Analysis of the effectiveness of ground-based VLF wave observations for predicting or nowcasting relativistic electron flux at geostationary orbit
Poststorm relativistic electron flux enhancement at geosynchronous orbit has shown correlation with very low frequency (VLF) waves measured by satellite in situ. However, our previous study found little correlation between electron flux and VLF measured by a ground-based instrument at Halley, Antarctica. Here we explore several possible explanations for this low correlation. Using 220 storms (1992\textendash2002), our previous work developed a predictive model of the poststorm flux at geosynchronous orbit based on explanatory variables measured a day or two before the flux increase. In a nowcast model, we use averages of variables from the time period when flux is rising during the recovery phase of geomagnetic storms and limit the VLF (1.0 kHz) measure to the dawn period at Halley (09:00\textendash12:00 UT). This improves the simple correlation of VLF wave intensity with flux, although the VLF effect in an overall multiple regression is still much less than that of other factors. When analyses are performed separately for season and interplanetary magnetic field (IMF) Bz orientation, VLF outweighs the influence of other factors only during winter months when IMF Bz is in an average northward orientation.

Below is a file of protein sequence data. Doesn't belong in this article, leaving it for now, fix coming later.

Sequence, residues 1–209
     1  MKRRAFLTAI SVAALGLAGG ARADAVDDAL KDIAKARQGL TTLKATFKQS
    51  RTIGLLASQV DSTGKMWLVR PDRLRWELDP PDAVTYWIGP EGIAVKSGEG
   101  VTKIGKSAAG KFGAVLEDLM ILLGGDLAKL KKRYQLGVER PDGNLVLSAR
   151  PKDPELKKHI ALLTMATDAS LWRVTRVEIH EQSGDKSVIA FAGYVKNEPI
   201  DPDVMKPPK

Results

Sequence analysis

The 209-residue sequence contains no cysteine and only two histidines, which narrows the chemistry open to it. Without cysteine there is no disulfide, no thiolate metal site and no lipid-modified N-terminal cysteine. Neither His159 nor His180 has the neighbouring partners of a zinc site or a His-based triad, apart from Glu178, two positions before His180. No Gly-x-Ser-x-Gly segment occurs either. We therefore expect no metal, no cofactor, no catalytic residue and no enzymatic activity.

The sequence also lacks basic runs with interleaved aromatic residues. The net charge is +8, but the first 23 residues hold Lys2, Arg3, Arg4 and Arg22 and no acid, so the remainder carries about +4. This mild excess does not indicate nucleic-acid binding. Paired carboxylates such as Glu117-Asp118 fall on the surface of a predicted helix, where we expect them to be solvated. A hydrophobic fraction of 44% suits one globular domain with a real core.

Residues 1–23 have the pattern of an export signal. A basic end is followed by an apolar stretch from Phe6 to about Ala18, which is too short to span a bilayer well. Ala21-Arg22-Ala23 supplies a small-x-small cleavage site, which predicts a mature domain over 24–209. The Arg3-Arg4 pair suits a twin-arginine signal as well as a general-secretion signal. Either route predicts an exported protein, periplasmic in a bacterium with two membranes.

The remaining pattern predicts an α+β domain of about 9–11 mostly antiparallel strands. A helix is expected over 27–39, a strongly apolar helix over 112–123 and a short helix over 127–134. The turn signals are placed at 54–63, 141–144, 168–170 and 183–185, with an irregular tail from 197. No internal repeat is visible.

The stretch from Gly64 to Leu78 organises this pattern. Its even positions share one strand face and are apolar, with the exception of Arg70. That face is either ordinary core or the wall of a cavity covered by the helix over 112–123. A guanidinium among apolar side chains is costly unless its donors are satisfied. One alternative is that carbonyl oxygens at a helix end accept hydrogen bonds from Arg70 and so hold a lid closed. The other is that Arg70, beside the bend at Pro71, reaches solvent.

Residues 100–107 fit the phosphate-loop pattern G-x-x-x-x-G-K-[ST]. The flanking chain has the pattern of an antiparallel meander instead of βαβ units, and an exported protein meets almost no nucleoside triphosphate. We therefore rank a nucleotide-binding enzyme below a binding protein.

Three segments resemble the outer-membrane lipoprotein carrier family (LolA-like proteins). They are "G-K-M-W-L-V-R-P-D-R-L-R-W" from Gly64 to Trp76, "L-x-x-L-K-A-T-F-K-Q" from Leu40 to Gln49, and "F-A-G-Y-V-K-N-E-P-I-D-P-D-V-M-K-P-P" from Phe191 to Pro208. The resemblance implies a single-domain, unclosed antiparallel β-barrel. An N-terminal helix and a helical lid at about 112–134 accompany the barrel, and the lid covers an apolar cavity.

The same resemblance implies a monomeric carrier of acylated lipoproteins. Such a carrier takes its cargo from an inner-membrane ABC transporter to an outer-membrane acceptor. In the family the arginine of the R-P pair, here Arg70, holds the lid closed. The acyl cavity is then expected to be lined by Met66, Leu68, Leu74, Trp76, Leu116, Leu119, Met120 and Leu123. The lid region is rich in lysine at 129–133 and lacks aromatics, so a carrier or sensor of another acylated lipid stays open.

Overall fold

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Journal of Geophysical Research: Space Physics
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